Rebuilding the war-torn city of Malakal, a ghost town during much of the armed conflict, has proved to be a challenge, with both adequate materials and local know-how lacking. Over the past couple of months, UN peacekeepers have taught interested locals basic construction skills.
“All my life, all I’ve known is fishing, so I thought I was going to remain a fisherman,” says Obach Okan. “But now, after this training, I have decided to become a carpenter.”
He and forty-one peers, some staying at the United Nations Mission in South Sudan’s protection site for displaced people and others residing in Malakal town, are now well prepared to rebuild their previously bustling city, the second largest in the country.
They have recently completed a seven-week basic engineering training programme provided by peacekeepers from the United Kingdom’s engineering taskforce.
“Of all the trainings I’ve attended since 2013, this has been the best because we did everything practically,” says Mr. Okan. “From basic things like how to hold a nail properly to avoid hitting our fingers with hammers, to harder things like building and carpentry.”
Their learning has indeed been rather comprehensive. Bricklaying, concreting, basic electrical work, carpentry and joinery have all been part of the course schedule, with some of the trainees now feeling ready to put their new skills to the test.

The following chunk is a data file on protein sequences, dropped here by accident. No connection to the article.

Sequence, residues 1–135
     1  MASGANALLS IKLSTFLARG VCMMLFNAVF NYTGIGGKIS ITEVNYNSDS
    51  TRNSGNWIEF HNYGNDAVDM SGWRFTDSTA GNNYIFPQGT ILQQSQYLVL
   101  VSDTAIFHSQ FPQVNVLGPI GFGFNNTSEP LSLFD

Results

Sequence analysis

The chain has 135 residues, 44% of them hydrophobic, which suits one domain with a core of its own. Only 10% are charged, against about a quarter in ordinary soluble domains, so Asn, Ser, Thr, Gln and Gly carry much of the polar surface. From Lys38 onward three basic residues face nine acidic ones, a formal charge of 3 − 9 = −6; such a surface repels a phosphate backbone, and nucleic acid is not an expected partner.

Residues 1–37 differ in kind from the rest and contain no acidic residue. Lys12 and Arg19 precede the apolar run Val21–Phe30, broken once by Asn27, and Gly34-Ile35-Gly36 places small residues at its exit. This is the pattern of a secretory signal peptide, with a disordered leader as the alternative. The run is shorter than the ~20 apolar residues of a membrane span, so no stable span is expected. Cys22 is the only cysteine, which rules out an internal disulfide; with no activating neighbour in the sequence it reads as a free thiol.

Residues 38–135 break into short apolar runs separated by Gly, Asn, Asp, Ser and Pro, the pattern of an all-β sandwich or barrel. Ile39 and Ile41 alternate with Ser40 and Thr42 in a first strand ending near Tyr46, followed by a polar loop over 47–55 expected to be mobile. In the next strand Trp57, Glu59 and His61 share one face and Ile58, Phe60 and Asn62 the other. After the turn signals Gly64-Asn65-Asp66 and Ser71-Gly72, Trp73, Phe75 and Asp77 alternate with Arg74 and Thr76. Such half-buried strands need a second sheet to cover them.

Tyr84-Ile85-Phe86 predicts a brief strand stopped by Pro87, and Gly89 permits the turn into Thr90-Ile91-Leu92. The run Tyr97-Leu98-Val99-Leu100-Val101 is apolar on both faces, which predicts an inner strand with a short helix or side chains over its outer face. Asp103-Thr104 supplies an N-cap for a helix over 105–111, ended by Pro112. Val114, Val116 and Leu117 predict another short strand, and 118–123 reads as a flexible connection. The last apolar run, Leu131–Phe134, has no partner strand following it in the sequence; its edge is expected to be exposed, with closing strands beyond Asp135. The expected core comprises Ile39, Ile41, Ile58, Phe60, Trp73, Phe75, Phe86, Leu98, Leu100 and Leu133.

As an increasing sense of peace and security is taking hold of the area, thousands of displaced persons are thought to be considering a return to their homes, or what remains of them, within a not too distant futures. Shelters will be needed, and some freshly trained handymen and women have assisted in constructing such facilities in nearby places like Banglai, Gelachel and Nangdar.
The teaching engineers have also benefitted from the experience, according to their commanding officer Lieutenant Colonel Jamie Stuart, as it has provided them with an excellent opportunity to get to know the South Sudanese people as a community.
“While we live in very close proximity, it is often difficult to interact with them one to one. This training has allowed our soldiers to make a direct difference to the lives of people who have suffered so much in recent years,” he says.
There is much work to be done, as Malakal’s infrastructure has also taken a bad beating. Many eateries – some of them known to slap up peanut butter sandwiches and other filling delicacies – offices, churches, mosques and other buildings are still bare and empty, some with gaping holes where roofs used to be, others with walls crumbling after years of neglect.
The renovation efforts made by the town’s government have been hampered by the country’s poor road network and the subsequent difficulties of bringing in construction material from the faraway capital Juba and from neighbouring Sudan, but also by the lack of a qualified workforce.
“Many of those who can provide labor for construction projects fled during the fighting and others are living in the protection site,” explains town mayor Peter Riak, “It has been difficult to find people who can do the work quickly and properly.”
With a gradual return to peace, the peacekeeping mission is exploring ways to build the capacity of the local people who will eventually return and resettle in their areas of origin. This includes providing support for vocational training in different areas of expertise, and Jamie Stuart believes that his engineers have made a difference.
“Our hope is that the skills we have taught them, whether that is bricklaying, carpentry or domestic electrics, will allow them to rebuild their lives and communities and take control of their own destiny.”